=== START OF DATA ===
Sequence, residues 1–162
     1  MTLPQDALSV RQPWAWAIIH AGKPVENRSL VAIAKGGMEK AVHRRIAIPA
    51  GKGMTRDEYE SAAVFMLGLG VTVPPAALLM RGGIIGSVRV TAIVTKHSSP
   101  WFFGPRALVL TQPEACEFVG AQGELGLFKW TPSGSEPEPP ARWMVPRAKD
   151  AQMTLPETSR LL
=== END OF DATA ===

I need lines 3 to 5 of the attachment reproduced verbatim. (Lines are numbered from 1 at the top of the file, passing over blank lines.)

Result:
    51  GKGMTRDEYE SAAVFMLGLG VTVPPAALLM RGGIIGSVRV TAIVTKHSSP
   101  WFFGPRALVL TQPEACEFVG AQGELGLFKW TPSGSEPEPP ARWMVPRAKD
   151  AQMTLPETSR LL